Burned and bypassed: Rock Hill has a ghost of a garden
As platoons of volunteers uncover the old bones of the Rock Hill gardens, the historic Park Street estate that’s now the overgrown back yard of the Monticello Area Community Action Agency (MACAA), also unearthed has been the property's complex history as a genteel country estate, a unique experiment in landscape design, a segregation era school, and a victim of growth.
The restoration effort has been largely organized by former City Council candidate Bob Fenwick, who, along with other preservation-mined folks, wanted to draw attention to the property so that the City and the FHWA, the Federal Highway Administration, follow through on an agreement, according to a May 2010 memorandum, to restore the garden and add it to the park system as part of the new 250 interchange project.
"It's important as the home of the violin playing brother of Jefferson's master builder, James Dinsmore's, and as the home of the very capable architect Eugene Bradbury," says famed UVA architecture prof. Ed Lay. "And of course the stone-walled parterres are perhaps the only ones remaining in the city, which were used for crops and flower gardens facing the southern sun."
UVA architecture prof. Daniel Bluestone, who has been leading tours of the property, calls it among the "most complex residential garden landscapes in all of Charlottesville."
Indeed, Mary Gibbs Lane, whose father, the late Capt. John W. Gibbs bought the 8-acre property with the two-story house at auction in 1947, says there were "hundreds of amazing plants" and many different gardens. In addition, those stone parterres once surrounded the entire property, outlined the driveway and the terraced gardens which held a spring-fed lake and an island at its center.
"I remember there was a huge carved eagle with its wings spread wide on the face of the house," says Gibbs, who lived there with her father, mother, her two brothers during the 1950s. "I believe an article at the time mentioned the enormous expense and effort that Dr. Porter went to to create his amazing landscape. It was definitely not low maintenance."
Lay says the original house at Rock Hill was built in the 1820s for the Scotch-Irish Leitch family. In 1839, the Reverend James Fife, a Scotsman who became city engineer for Richmond, and was ordained a Baptist minister, purchased Rock Hill. "Former Charlottesville mayor Francis Fife descends from this Fife," says Lay.
In the 1930s, Reverend Henry Alford Porter, the minister of the Charlottesville’s First Baptist Church (Park Street), purchased the property from famed local architect Eugene Bradbury and began to create the extensive gardens.
Gibbs describes a 10 feet deep lake fed by Schenk's Branch, which at first fed into a small goldfish pond Porter had created on the upper portion of the property. On the far side of the lake, a natural waterfall flowed over a Japanese rock garden in the front corner of the property closest to McIntire Park.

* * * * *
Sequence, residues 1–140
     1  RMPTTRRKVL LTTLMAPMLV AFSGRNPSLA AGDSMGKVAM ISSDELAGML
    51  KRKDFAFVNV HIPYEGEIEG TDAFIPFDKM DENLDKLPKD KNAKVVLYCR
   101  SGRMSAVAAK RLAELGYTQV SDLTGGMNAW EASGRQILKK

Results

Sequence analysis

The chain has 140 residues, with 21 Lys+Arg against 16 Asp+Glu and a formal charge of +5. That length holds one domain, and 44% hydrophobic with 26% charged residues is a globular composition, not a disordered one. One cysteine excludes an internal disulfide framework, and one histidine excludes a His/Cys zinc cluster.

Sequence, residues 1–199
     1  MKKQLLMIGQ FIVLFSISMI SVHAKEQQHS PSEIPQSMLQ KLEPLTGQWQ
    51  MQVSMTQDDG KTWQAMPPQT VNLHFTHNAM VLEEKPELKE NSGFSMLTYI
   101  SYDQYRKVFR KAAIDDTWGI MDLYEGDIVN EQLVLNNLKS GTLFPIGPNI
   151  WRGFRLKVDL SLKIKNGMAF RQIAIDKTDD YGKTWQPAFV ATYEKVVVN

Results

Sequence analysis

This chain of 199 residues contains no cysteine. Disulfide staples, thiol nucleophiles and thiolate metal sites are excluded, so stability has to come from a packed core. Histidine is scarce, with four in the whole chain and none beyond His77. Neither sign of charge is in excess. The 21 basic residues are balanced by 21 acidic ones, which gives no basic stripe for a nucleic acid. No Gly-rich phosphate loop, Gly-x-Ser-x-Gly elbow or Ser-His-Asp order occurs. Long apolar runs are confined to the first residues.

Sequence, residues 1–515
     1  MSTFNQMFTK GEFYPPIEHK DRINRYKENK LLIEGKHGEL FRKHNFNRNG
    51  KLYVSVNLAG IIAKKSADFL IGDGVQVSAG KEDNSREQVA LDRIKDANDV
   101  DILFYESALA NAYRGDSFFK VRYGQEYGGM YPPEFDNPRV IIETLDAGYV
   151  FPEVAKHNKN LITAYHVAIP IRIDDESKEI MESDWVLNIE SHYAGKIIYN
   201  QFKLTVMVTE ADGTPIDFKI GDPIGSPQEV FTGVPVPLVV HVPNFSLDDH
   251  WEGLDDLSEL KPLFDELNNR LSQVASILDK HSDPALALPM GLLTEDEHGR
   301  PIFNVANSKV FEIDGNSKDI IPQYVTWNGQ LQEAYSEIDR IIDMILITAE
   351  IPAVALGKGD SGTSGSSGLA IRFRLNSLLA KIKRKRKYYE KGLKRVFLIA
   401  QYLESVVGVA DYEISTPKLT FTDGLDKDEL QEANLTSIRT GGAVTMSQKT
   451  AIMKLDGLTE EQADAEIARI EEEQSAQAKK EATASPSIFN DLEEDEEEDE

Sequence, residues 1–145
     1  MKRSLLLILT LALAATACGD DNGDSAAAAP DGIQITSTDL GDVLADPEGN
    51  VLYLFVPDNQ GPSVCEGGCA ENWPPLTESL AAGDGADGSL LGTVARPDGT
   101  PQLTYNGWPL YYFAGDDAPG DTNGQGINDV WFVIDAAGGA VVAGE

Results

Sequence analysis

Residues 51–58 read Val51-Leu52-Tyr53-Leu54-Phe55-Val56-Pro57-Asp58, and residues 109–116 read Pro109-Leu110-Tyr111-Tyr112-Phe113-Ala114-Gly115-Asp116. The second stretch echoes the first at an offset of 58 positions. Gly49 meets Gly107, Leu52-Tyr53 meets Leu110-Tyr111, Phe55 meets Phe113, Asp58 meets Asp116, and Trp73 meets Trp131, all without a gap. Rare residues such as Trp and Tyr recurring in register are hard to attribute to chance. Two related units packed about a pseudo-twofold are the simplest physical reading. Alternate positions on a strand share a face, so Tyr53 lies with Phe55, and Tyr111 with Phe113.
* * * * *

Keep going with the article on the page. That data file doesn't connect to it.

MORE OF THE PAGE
Before the construction of the 250 By-pass, Gibbs described it as a "truly spectacular county property" that actually had a Rugby Avenue address. She says the by-pass construction in the late 1950s-1960s dramatically changed the site, as it cut off the Japanese garden and the front wall. Up until that time, Gibbs says her father was a "devoted steward" of Rev. Porter's creation who would hand-prune the English boxwoods, hand-spray the apple orchard, and regularly aerate the grounds with a heavy push roller with spikes.
"Dad was a retired military officer who had a passion for nature, and hard work," says Gibbs. "Believe it or not, Dad groomed and maintained the entire property by himself without a crew or yard service."
Gibbs also recalls that they kept a single cow on the property.
In recent weeks, former City Council candidate Fenwick has gotten assistance from a cadre of volunteers trying to bring back the skeletal remains of the parterres.
As for the missing house, Gibbs describes it as a two-story Federal built of stone and then stuccoed and painted a wheat color with dark brown trim, and later painted white with dark black-green trim. The house had 10-foot ceilings, four-hand-carved Italian marble fireplaces, and two hand-carved and curving walnut banisters. Eventually, she says, the property became too much for her father to maintain, and they ended up selling it in 1959 to a group called the Charlottesville Education Foundation.
In September 1958, after Lane High and Venable Elementary Schools were closed as part of the state's "massive resistance" movement to defy a federal order to integrate the schools, the Foundation, headed by long-time former UVA Dean Ivey F. Lewis, sought to allow people to "exercise their freedom of choice in attending sound, segregated schools "by creating a private school named Rock Hill Academy. Such schools became known as "segregation academies."
"My mother worked at the Rock Hill Academy school for over 20 years, including the transition to Heritage Christian a few decades later," says Charlottesville resident JoAnne Behrendt Kice, who points out that the school's hard line on segregation softened over the years. "My mother remembers several children of color attending the school during this period," she says.
After the sale, the main house was used as the school's administration building and contained a library in what had been the Gibbs' dining room. The house came to an inglorious end in 1963.
"Some youngster broke into it and started a fire, by accident we think," says Gibbs. "The fire did much damage to the interior of the house but left it intact enough for us to enter it and survey it–- even the second floor."
The Foundation, however, decided that restoring the house was not cost-effective.
"So the house was dismantled," says Gibbs. "We're not aware that any of it was salvaged, even the marble fire places. It was a sad day."